If you have suddenly lost your cooling, please get a check for leaks in the system before you recharge it. You may very likely save a bundle doing so, most times you have sprung a leak. I used to watch all day long people pour that stuff in to the tune of $60-$70 at a time before they came to grips with the fact it was all leaking right back out.

Don't overfill thinking you are making it better, any coolant beyond what system needs just makes the cooling drop right back off. Of course you WILL be overfilling since the one gauge method does not clearly indicate when to stop charging like 2 gauges will.

Look here. The lowside will show the same 25-50 sweep with the highside at say 150 that it will with the highside at 250. See why you can't use the lowside to properly fill? The HIGHSIDE determines whether system is full.

When the system is totally empty you must charge it up to at least around 25 psi before the clutch comes on and starts cycling.

Here's hoping you vacuumed the thing down, any air left in carries water that freezes across the restriction to make it stop and go cool. Works for a minute then stops, starts again when the ice melts only to freeze again. You can make a cheap pump out of a small room a/c unit that still has a good compressor in it. What I've used for years, while not ideal like a $400 pump, it works good enough and cost me nothing. It can be used for free leak checks too.

The lowside reads from 25-50 give or take a few. It needs to sweep up and down through that range. At 25 compressor comes on, 50 off. Doesn't have to be exact just close. The highside needs to read what the freon temp chart says for the day's temp. I do mine a lot past 90 degrees and usually end up with anywhere from 275-300+. I find that past 90 degrees, if you closely watch compressor, it will stop cycling off/on and start to stay on all the time at idle, I go slightly past that point, usually the highside will be about right. It MUST cycle on/off though when the engine speed is raised up to like 2000-2500 or so.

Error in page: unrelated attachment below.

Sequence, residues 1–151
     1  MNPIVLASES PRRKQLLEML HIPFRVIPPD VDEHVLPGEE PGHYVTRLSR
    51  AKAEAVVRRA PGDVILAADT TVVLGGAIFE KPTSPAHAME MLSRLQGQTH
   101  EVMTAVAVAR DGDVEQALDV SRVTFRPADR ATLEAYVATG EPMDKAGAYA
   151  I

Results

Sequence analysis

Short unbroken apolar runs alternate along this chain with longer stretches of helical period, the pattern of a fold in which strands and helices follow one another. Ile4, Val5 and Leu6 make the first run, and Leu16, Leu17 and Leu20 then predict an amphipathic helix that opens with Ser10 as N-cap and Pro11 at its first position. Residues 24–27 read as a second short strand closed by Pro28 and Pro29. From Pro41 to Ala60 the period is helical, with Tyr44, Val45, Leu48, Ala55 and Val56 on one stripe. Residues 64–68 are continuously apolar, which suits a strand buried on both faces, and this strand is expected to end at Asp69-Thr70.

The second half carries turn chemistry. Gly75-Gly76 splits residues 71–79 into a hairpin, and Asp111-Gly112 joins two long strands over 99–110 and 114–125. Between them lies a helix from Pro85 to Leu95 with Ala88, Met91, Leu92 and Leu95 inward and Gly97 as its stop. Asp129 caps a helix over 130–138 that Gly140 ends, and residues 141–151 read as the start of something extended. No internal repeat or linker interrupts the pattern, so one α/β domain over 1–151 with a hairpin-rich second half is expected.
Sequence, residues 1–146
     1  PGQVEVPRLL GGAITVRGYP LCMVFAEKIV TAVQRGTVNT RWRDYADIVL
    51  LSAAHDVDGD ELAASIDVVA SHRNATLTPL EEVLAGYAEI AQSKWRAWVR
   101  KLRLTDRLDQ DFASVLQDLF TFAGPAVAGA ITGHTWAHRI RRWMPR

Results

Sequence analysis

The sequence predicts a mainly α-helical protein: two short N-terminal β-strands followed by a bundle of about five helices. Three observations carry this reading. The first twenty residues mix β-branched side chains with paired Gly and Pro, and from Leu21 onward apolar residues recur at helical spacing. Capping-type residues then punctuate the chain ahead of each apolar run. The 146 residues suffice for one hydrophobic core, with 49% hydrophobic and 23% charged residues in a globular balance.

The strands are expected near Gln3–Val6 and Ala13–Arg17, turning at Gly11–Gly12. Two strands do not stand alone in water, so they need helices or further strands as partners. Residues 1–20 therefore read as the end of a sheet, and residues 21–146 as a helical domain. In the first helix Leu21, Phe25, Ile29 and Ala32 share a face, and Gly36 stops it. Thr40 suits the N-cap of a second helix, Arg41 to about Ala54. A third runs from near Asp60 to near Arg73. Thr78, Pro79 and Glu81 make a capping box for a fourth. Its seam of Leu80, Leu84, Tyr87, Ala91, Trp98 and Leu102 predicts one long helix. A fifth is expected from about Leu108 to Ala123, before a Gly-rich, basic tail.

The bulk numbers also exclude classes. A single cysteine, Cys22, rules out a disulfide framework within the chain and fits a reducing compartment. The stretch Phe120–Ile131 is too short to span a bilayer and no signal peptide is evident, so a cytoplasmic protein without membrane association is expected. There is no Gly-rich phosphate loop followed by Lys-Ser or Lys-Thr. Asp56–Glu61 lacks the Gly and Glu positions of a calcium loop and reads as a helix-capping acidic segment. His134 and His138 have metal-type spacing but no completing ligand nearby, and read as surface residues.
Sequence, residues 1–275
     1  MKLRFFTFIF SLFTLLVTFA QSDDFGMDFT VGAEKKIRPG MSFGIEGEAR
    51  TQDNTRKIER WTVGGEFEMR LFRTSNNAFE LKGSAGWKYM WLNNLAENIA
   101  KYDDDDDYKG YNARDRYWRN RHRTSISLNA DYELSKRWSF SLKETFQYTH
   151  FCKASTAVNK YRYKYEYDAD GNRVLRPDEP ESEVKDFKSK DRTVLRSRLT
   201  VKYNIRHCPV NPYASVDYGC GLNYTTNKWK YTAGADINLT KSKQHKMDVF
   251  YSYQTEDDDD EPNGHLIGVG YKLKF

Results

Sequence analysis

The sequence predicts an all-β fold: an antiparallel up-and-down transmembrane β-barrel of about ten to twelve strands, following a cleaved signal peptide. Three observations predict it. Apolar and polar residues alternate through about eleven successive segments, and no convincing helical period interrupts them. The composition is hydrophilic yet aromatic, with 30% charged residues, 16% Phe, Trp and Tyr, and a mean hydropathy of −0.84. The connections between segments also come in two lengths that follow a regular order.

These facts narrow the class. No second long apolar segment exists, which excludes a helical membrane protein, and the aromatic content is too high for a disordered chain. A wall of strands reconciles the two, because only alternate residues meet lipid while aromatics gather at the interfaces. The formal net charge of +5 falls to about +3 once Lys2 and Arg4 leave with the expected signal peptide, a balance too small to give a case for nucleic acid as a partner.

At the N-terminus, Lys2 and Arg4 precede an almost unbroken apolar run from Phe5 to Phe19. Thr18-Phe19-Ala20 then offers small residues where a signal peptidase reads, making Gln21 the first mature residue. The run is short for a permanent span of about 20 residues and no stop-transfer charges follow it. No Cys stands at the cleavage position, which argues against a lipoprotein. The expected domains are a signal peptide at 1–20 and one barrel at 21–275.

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American, the '99 model pressure figures should be real close to later stuff. Operating pressures really stay fairly constant. The gas pressure chart is for ALL vehicles as long as you are using correct refrigerant and factoring in temp/humidity. I wouldn't hesitate to use them. You're really looking for a combo of things happening at once, clutch cycling correctly, inside car temp, close to correct highside, and lowside properly sweeping up/down. 5 or 10 pounds off one way or another on highside is not an error if all things are happening right. Simply adding more oil can easily tilt numbers since the oil amount needs to be very close but no way to know where you are once some leaks out.